The Kentucky Alliance Against Racist and Political Repression has suspended longtime member Gracie Lewis for three months following an altercation with a fellow activist and the woman’s 13-year-old son.
A student volunteering with a summer camp at the Kentucky Alliance claims that on July 21, Lewis yelled at him for getting in her way, waved her finger in his face and warned him not to speak unless spoken to first. The boy’s mother says that after approaching Lewis about the incident, she was verbally abused and even threatened.
In response to these aggressive encounters, the leadership of the Kentucky Alliance has decided Lewis should take what they are calling a “three-month sabbatical,” according to K.A. Owens, co-chairman of the organization. The difficult decision was made after taking into account both the gravity of the accusations and Lewis’ long history in the civil rights movement.
“We hope the people in the community have confidence that we will deal with these internal matters in a fair and just manner,” Owens says. Although he refuses to provide details about the incident in question or the suspension, Owens acknowledges that the Alliance issued a formal apology to Attica Scott, the woman who Lewis allegedly accosted.
Meanwhile, Lewis publicly maintains she has done nothing wrong, despite the fact that she, too, sent a letter of apology to Scott last week. Scott provided LEO Weekly with copies of both letters.
“I did not intend to offend you or your son,” the letter from Lewis reads. “Moreover it was wrong for me to call you and leave messages you may have considered offensive or threatening.”
The letter is referring to an irate message left on Scott’s office answering machine the day after Lewis reportedly screamed at her son. The recorded message says: “This is Gracie Lewis you black bitch. You better not never bring your skinny, narrow ass and get in my face again because I will kick your black ass. Peace.”
Though the letter acknowledges wrongdoing, Scott doesn’t believe the apology is sincere, given recent public comments made by Lewis.
Last week, Lewis called into “News & Views,” a local radio program on WLOU 1350 AM, and angrily complained that the entire incident was a conspiracy to catapult her out of the Kentucky Alliance. (Disclosure: At the time Lewis called, the writer was a guest on the hour-long show, which centered on the story about this incident in the July 30 LEO Weekly.) She went on to deny any wrongdoing, contradicting her letter of apology sent just two days earlier.
At this point, Scott says she is just ready to move past the incident, which she considers a diversion: “Gracie is not going to tear our work down.”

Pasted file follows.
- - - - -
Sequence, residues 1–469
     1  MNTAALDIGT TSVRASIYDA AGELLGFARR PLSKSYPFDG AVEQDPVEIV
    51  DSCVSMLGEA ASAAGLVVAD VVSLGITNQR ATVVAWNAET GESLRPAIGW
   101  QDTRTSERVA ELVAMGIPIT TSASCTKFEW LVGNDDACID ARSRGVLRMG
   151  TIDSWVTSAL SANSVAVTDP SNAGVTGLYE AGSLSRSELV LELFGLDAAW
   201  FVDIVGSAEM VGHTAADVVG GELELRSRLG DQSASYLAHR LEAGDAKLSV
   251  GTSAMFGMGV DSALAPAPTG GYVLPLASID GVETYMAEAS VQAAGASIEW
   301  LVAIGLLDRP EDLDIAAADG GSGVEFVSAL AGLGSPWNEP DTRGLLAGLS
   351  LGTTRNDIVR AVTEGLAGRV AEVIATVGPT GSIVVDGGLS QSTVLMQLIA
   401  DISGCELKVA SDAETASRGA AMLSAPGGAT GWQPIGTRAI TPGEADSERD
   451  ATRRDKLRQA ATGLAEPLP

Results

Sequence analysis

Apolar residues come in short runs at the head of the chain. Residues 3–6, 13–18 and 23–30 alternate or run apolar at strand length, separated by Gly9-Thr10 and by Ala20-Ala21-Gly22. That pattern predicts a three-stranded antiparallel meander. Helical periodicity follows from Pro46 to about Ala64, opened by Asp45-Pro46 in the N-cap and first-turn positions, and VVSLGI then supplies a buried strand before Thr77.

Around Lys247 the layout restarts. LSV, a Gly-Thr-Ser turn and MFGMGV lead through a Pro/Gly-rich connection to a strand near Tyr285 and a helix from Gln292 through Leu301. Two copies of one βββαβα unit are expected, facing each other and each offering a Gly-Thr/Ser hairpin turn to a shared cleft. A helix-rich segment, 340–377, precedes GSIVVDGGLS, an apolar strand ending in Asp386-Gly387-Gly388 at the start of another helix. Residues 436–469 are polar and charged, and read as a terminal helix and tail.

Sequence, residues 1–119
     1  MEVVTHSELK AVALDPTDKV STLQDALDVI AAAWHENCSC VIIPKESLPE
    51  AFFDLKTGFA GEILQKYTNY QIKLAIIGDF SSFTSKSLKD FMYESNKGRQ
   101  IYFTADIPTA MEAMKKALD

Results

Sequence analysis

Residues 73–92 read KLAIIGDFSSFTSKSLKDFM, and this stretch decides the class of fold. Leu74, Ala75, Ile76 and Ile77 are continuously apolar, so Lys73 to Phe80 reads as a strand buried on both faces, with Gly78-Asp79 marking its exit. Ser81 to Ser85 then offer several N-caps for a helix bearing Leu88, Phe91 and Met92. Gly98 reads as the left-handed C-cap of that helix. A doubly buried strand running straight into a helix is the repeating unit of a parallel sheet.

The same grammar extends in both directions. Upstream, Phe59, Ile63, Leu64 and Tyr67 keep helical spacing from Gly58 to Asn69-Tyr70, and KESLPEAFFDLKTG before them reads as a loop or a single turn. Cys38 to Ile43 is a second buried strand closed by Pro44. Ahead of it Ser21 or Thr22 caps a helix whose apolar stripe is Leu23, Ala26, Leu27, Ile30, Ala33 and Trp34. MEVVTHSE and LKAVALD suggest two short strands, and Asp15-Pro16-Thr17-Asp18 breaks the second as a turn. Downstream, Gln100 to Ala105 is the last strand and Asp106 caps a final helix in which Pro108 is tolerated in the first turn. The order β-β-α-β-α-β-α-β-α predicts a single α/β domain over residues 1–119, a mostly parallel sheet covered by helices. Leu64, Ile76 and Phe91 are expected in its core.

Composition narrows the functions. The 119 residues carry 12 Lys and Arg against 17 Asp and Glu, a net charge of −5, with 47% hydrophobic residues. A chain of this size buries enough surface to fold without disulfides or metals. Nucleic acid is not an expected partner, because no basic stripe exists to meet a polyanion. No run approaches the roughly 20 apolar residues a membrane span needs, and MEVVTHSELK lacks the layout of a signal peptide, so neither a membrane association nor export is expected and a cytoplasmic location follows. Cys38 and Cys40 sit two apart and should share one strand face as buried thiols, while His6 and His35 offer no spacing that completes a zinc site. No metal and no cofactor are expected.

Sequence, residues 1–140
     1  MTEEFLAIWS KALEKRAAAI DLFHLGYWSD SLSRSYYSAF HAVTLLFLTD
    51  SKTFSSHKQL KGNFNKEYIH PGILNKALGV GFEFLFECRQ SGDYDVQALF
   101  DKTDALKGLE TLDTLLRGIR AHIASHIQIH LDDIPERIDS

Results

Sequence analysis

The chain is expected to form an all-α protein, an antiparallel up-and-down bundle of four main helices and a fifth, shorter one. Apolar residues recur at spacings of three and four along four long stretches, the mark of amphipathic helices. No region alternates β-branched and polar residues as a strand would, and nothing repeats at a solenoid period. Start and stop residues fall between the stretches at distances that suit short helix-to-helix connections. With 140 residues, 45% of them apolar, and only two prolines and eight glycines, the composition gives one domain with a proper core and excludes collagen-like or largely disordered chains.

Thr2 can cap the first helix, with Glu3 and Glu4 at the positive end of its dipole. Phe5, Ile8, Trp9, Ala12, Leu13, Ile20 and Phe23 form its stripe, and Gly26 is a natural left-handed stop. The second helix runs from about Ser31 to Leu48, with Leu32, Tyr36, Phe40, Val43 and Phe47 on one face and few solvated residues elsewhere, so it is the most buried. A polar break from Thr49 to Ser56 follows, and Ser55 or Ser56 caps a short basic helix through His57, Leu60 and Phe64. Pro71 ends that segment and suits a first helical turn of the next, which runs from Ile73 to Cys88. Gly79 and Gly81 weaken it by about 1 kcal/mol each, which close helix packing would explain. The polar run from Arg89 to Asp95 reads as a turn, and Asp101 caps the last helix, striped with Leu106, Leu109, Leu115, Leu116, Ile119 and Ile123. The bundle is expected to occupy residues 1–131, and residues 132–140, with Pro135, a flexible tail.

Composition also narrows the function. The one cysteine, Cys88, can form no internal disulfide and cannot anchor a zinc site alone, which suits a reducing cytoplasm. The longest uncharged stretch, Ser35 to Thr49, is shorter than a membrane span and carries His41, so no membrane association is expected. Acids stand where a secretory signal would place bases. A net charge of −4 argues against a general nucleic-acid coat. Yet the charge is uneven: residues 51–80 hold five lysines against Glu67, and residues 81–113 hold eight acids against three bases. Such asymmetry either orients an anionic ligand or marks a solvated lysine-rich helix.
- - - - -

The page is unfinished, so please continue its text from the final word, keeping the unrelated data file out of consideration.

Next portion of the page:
Although Lewis did not return calls seeking comment for this story, she did call LEO Weekly on Monday, demanding that the newspaper stop printing stories about the incident and accusing it of being racist for publishing a story containing a negative portrayal of an African American.
Some supporters of Lewis believe younger activists have unfairly targeted the iconic social justice advocate in an attempt to usher out veterans of the civil rights movement.
“It’s some stupid young folks trying to take over the Kentucky Alliance,” says Mattie Jones, interim director of the Justice Resource Center. “It’s a group of untrained, unskilled, arrogant and disrespectful young folks.”
Saying she is “damn mad about it,” Jones believes the decision to suspend her longtime friend is the tipping point for an organization she feels has been on the decline. “There is no Kentucky Alliance,” she says, adding that since the death of its founder, Anne Braden, the organization is a shell of what it once was. “It died with Anne.”
Another legend in the local civil rights movement, Jones took over the Justice Resource Center after the sudden death of the Rev. Louis Coleman last month. Not only is Jones frustrated with the Kentucky Alliance, it turns out she also is upset with LEO Weekly. In fact, because the newspaper is publishing this story, she plans on using her new position to call for a boycott, saying, “We want this to stop.”
Echoing that sentiment, Sarakia Johnson — another fellow activist and longtime friend to Lewis — says she will take part in any protest of the newspaper. It still is unclear exactly when or why they might protest.
“We can’t throw our elders away,” says Johnson, who has marched with Lewis on several occasions. Unhappy with the Alliance’s decision to impose a three-month suspension, Johnson points out that Lewis has devoted her life to an organization that now is punishing her.
“We’re not saying she didn’t do anything wrong,” says Johnson, suggesting the matter is personal, not worthy of disciplinary action or news coverage.
Finally, she says the movement needs people like Lewis: “Don’t throw away the Gracie’s of the world.”